The Storm by Akiko Miyakoshi
The story here is rather straightforward: a young boy is looking forward to a beach day with his family, but an incoming storm threatens to waylay the weekend plans.
What makes this latest from author/illustrator Akiko Miyakoshi – her second translated title from one of Japan’s award-winning children’s book creators published by Canada’s innovative indie Kids Can Press – much more than another simple story is the extraordinary art. Miyakoshi’s mostly black-and-white sketches, set an ideal tone for the coming storm: the brighter white contrast in the introductory spread as the young boy heads toward school, grows slightly darker with each subsequent page-turn as the anticipated “bad storm” looms closer and closer. The classroom feels overcast, the outside grows grayer as the boy’s parents prepare the home by closing shutters; the boy’s increasing disappointment continues to add layers of shadows across the pages. And then there’s the ideal single color to anticipate …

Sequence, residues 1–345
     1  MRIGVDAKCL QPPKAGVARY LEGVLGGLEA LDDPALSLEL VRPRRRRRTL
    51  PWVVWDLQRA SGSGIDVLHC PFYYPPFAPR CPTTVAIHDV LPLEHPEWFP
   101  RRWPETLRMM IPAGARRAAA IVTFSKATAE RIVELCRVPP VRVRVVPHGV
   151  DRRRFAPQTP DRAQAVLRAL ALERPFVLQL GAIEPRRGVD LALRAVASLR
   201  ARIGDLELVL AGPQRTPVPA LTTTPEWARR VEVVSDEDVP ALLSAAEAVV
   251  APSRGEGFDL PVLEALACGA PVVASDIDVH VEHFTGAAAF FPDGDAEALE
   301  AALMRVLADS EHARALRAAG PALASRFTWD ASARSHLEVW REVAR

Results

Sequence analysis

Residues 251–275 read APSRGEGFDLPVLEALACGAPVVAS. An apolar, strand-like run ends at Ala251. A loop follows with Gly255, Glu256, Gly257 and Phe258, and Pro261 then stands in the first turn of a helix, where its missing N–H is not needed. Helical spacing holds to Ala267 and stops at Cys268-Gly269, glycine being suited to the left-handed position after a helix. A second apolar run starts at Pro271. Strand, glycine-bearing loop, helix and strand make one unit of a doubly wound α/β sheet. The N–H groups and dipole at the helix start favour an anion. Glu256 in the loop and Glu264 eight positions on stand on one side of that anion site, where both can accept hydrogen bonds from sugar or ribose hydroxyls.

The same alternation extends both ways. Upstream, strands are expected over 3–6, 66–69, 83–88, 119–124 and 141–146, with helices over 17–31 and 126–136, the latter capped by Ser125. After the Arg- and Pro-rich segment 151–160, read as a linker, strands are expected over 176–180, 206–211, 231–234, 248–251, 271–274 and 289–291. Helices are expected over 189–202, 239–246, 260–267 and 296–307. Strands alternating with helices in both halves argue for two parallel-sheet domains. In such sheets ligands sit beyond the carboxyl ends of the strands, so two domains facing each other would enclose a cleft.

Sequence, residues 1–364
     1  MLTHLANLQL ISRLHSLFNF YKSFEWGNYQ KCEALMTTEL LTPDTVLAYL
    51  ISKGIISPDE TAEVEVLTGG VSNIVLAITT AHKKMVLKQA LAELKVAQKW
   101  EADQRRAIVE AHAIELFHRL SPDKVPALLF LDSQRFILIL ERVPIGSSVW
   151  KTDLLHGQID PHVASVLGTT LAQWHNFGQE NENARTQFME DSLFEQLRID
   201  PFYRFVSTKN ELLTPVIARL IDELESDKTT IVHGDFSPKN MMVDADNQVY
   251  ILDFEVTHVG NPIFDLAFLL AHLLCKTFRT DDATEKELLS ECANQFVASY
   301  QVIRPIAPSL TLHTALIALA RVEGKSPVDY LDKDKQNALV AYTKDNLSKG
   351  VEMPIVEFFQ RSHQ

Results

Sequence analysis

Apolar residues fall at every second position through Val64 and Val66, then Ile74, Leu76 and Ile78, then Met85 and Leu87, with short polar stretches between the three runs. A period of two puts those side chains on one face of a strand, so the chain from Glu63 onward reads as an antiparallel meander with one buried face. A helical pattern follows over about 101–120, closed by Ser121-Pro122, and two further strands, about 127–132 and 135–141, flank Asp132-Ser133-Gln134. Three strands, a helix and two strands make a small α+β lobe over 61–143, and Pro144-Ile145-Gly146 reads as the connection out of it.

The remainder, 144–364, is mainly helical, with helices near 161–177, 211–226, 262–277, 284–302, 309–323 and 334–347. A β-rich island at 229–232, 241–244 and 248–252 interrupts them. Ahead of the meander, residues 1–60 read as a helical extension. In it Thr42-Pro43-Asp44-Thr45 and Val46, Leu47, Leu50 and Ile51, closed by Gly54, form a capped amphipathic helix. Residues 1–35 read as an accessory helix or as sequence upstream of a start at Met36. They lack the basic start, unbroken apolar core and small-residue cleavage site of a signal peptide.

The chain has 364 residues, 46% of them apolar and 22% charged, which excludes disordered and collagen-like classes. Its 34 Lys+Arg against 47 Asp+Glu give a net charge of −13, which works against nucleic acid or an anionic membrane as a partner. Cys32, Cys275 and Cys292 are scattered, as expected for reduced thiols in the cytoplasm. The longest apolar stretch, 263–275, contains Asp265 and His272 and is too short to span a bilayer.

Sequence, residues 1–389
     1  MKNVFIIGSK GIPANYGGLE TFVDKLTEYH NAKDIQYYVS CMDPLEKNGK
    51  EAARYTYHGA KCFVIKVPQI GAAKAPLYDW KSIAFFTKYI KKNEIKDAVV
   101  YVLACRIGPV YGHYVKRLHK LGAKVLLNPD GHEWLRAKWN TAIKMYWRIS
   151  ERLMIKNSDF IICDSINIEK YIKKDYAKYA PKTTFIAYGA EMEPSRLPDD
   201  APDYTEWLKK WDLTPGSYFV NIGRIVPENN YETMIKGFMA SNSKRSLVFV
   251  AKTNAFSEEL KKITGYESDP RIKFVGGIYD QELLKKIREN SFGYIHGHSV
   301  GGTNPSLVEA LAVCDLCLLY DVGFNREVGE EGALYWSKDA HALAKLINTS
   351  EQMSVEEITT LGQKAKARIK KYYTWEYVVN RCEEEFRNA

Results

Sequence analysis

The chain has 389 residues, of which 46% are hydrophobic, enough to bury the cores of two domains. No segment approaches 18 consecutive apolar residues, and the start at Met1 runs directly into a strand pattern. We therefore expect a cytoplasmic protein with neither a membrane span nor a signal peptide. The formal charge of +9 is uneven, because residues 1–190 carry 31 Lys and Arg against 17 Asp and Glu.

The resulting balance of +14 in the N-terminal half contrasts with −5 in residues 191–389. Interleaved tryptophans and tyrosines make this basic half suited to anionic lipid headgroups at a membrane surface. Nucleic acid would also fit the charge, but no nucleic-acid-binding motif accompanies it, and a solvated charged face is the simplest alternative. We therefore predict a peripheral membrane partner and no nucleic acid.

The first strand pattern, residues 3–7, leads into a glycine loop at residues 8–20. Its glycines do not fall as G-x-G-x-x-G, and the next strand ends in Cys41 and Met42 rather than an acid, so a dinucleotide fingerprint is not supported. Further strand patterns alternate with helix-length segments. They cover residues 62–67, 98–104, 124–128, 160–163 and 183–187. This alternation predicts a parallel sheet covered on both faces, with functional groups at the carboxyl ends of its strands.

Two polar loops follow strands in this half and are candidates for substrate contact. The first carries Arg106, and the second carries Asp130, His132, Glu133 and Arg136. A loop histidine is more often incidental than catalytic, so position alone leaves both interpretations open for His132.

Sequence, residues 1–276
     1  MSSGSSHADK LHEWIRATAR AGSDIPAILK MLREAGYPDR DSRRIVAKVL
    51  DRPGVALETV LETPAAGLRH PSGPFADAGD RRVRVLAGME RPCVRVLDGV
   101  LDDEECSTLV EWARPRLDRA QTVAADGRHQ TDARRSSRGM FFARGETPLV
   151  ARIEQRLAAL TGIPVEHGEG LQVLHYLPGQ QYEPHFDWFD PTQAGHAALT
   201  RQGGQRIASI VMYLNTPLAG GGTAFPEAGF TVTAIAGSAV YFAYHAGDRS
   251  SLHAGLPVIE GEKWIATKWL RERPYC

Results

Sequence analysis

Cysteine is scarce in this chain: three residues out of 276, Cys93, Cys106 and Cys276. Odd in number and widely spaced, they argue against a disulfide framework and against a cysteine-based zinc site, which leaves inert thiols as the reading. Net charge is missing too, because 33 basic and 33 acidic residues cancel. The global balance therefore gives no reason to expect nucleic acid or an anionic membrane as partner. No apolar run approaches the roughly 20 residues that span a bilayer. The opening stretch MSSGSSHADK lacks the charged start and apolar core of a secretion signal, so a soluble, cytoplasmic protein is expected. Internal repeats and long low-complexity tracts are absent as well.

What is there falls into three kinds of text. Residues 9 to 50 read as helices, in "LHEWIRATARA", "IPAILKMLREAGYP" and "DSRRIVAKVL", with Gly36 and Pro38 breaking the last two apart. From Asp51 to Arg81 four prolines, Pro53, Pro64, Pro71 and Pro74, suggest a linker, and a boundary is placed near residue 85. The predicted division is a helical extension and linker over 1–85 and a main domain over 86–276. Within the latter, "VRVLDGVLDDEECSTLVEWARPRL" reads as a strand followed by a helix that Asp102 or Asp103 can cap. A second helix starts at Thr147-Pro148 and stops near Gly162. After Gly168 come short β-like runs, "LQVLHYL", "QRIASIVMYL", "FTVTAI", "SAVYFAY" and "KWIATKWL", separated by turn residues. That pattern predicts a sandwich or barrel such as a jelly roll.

Amid the black and white, the light and dark, and all manner of gray shades in between, the young boy experiences a wide swathe of emotions, from excitement to frustration, from nervousness to relief, from worry to excitement all over again. As he drifts off to sleep with howling winds and pouring rain, his imagination proves to be his best defense, as he embarks on a ship of his dreams – with his brave, trusty kitty by his side – to confront his darkest fears.
Page after page, from various angles and changing viewpoints, Miyakoshi eloquently captures the power of nature, the refuge of family, the excitement of anticipation (for both the good and not-so-great), and the gift of creativity. Given our current unpredictable weather across the country, The Storm will be just the book you’ll want to share with your young ‘uns when dark clouds loom, the best-laid plans are threatened, and indoor adventures are your only option. Here’s to a welcoming literary escape!
Published: 2009 (Japan), 2016 (United States)